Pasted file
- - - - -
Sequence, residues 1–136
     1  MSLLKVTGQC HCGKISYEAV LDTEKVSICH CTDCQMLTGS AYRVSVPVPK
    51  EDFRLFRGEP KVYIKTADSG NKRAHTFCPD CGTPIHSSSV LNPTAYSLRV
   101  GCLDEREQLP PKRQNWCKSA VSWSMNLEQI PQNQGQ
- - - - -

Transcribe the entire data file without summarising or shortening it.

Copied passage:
Sequence, residues 1–136
     1  MSLLKVTGQC HCGKISYEAV LDTEKVSICH CTDCQMLTGS AYRVSVPVPK
    51  EDFRLFRGEP KVYIKTADSG NKRAHTFCPD CGTPIHSSSV LNPTAYSLRV
   101  GCLDEREQLP PKRQNWCKSA VSWSMNLEQI PQNQGQ